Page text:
by Chef Paulo Machado
It was almost time for a child to sleep, but every Wednesday night it was the custom, not only of my parents but of thousands of families from Campo Grande, to take their children to eat in the “feirona”. So we called the night fair dominated by farmers and cooks immigrants from the East who chose the heart of Mato Grosso do Sul to make home. We were going in search of soba: beef broth, with spaghetti-like pasta, garnished with thinly sliced omelette, chopped chives, and pieces of pork or filet mignon. My father also asked for a granite kebab (fat meat) to share. It was accompanied by gold vinaigrette and cassava, soft, golden and typical of my region, when it arrived the table was watered with shoyu, another habit characteristic of my countrymen.
At the end of the 1990s, under protest the big fair, which occupied almost one kilometer of street, is moved to a new, cleaner, tidier and “pasteurized” place. According to the city administration at the time: a way to keep the tradition of the “feirona” alive in the city, but in a wider and tidier place. Unfortunately that old fair, with such oriental airs was missed. Today, after almost 20 years, I can say that the Central Fair has lost a little of its originality, but it is still one of the obligatory points for tourists visiting Campo Grande. The current stalls, after a while, began to gain their own identity and the quality of the soba and kabobs found overcame the “feirona” longing. One of my favorite stalls is from Níria Katsuren, where I have already brought distinguished figures who passed by such as Chefs: Gabriel Broide, Bel Coelho, “Cumpade” João Barreto and Pedro Miguel Schiaffino (Peru) as well as journalist Cintia Oliveira, here from Menu, to name a few.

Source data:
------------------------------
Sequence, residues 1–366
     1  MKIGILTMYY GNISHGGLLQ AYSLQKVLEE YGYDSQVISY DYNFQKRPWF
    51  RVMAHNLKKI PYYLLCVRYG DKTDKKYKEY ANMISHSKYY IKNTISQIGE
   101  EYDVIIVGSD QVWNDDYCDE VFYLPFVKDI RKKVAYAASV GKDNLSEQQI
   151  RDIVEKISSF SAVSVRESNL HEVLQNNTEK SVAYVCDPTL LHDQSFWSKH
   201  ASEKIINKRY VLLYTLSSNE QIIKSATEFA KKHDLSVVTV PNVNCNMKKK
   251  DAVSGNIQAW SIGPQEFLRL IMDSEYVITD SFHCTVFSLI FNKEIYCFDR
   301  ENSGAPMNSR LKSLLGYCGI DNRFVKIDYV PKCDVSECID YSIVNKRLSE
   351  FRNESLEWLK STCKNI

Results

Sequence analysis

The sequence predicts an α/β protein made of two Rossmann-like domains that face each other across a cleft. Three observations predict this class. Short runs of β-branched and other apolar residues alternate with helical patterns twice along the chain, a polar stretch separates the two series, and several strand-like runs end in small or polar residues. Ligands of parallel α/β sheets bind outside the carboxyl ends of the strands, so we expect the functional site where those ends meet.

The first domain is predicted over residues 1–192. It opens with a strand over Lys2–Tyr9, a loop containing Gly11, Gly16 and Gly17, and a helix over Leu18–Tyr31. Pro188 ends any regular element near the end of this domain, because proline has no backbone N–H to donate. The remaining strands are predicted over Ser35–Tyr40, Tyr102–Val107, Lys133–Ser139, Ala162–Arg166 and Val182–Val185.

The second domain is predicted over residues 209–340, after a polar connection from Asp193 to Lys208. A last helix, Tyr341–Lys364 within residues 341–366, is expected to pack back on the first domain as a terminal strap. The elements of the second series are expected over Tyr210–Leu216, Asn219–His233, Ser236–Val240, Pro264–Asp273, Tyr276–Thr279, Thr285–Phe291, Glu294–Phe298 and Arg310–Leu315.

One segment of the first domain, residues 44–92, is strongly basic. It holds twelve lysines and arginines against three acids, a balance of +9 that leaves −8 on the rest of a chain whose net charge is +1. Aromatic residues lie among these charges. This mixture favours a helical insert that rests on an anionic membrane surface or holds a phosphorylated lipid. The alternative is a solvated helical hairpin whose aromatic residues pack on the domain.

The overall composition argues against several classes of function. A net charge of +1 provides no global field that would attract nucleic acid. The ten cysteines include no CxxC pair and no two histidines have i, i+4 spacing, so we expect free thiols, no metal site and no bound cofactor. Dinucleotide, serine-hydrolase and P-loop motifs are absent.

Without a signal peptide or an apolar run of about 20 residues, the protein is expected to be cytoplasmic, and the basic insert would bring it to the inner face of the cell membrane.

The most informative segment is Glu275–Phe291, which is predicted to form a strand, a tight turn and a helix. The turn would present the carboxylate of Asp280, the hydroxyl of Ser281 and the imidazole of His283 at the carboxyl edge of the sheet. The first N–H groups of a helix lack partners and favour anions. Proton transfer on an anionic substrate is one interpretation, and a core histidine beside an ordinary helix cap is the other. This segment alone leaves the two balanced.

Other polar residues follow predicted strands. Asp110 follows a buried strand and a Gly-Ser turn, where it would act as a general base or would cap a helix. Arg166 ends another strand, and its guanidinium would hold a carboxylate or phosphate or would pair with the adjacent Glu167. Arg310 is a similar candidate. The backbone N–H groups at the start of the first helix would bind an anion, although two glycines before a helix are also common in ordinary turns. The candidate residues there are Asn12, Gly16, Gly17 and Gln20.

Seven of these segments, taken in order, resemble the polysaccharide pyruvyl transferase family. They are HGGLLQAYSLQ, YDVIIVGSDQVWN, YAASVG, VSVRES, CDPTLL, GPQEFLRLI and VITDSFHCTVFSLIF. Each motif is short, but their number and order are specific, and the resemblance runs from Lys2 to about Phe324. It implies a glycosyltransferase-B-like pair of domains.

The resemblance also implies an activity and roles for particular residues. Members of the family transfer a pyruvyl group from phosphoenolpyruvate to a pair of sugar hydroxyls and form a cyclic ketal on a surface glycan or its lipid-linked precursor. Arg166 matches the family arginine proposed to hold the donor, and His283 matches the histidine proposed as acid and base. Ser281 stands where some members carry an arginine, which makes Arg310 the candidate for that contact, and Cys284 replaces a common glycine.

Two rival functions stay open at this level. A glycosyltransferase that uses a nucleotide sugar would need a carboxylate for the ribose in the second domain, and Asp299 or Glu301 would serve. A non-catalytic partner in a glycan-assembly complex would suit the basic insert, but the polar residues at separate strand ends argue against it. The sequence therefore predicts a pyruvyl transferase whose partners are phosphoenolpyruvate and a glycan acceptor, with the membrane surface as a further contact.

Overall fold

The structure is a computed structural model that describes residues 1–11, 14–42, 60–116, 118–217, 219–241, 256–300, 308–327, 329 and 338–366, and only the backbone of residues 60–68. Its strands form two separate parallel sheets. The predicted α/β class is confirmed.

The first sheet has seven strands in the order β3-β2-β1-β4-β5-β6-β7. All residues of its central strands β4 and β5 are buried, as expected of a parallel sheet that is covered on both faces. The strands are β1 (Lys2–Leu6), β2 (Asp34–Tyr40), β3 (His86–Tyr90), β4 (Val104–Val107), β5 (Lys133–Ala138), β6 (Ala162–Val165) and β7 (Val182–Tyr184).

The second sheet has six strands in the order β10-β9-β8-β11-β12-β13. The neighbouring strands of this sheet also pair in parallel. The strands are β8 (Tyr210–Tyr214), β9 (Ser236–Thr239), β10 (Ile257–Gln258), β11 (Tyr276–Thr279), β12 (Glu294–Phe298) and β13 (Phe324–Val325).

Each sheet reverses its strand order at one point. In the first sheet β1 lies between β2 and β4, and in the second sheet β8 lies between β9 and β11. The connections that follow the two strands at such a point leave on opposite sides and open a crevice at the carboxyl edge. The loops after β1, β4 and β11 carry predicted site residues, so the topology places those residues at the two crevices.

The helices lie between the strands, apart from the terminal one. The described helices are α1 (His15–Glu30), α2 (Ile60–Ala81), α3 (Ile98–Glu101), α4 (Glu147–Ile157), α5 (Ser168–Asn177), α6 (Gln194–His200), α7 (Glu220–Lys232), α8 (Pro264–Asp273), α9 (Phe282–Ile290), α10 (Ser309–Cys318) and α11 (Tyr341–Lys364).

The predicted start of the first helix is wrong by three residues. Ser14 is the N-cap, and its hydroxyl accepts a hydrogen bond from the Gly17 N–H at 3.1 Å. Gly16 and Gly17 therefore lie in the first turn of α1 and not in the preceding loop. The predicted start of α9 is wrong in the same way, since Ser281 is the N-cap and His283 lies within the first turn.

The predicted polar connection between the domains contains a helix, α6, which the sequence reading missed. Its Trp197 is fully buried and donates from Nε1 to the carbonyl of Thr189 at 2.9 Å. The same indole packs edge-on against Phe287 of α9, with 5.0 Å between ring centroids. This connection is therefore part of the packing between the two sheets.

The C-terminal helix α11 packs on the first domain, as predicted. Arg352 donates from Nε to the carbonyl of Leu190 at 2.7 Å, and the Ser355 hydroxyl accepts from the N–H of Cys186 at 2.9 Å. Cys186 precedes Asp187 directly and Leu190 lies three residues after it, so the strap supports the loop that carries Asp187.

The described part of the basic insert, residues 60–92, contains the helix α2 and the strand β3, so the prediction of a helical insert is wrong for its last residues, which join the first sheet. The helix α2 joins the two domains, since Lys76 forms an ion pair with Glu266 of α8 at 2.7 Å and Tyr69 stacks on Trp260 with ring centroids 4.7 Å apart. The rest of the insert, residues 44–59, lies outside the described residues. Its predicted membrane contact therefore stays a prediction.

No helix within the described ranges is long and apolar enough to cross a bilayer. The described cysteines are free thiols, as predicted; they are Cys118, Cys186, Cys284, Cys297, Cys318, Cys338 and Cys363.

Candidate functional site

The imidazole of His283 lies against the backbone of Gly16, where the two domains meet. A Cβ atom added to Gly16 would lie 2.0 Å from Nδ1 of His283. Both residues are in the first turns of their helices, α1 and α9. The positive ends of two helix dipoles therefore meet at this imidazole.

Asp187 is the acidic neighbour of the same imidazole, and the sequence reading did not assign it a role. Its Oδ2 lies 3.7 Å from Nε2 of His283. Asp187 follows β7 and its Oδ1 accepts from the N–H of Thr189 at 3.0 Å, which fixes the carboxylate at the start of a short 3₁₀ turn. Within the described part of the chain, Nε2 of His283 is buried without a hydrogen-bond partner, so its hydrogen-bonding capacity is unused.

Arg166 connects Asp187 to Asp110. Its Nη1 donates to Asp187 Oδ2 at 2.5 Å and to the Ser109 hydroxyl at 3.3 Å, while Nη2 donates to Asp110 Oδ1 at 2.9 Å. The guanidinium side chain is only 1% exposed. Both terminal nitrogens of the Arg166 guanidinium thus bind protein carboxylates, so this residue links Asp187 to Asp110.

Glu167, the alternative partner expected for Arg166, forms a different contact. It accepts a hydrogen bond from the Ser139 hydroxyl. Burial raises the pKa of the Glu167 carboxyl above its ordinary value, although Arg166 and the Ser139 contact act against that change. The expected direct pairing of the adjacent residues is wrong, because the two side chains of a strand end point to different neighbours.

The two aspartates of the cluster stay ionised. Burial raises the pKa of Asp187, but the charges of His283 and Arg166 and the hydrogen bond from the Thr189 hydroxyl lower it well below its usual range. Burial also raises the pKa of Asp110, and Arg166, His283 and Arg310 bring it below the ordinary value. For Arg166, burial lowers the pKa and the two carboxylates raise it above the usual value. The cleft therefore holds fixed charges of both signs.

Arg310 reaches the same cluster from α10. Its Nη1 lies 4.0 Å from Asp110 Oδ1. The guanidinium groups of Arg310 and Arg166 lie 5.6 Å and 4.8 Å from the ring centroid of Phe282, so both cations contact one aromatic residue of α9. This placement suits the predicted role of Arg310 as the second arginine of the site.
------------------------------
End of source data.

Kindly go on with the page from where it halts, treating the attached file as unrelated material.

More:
When I first visited Japan I searched a lot for the Soba I have been eating since childhood, but gradually I realized that the search was in vain, not that our stew was bad, and by far a caricature, but in the land of the sun. At the source there are many types of broths and pastas, “Soba” for example: it is made from buckwheat pasta (darker color and more elastic texture) and served mostly cold, while Okinawa Soba, which gives rise to our (after all this region was the largest number of Okinawan immigrants who came to live in the Midwest of Brazil), has a similar mass of white wheat (reminiscent of Udon), always accompanies a delicious fat piece of pork belly and the basic broth Swine also takes katsuobushi (fish flakes) and kombu (edible seaweed). On top is the kamaboko (fish-based dumpling) and a ginger pickle. Japanese recipe, which arrived here, has adapted to our taste and ingredients and fits us so well. And to those who prove it, they miss it and want to return.